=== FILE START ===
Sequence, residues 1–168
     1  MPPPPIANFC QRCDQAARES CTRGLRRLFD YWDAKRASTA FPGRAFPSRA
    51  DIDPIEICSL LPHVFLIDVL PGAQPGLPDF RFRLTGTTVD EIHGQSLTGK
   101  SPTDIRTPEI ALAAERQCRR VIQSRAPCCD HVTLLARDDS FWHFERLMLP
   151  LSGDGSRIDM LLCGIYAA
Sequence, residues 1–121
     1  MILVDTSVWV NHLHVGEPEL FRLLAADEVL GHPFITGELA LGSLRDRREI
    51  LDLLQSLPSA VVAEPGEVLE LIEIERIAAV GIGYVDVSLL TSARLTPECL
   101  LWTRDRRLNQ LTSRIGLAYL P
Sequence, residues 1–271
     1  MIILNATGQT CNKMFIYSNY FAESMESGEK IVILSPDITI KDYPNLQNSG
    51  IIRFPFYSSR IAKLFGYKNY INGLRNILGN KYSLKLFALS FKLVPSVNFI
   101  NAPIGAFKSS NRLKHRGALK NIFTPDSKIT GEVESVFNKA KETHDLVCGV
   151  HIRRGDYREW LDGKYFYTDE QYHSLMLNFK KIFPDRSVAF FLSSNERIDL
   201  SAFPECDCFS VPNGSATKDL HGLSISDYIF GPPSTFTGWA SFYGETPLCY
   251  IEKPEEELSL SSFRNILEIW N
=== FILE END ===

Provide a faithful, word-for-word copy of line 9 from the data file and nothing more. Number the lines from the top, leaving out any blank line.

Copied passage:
   101  LWTRDRRLNQ LTSRIGLAYL P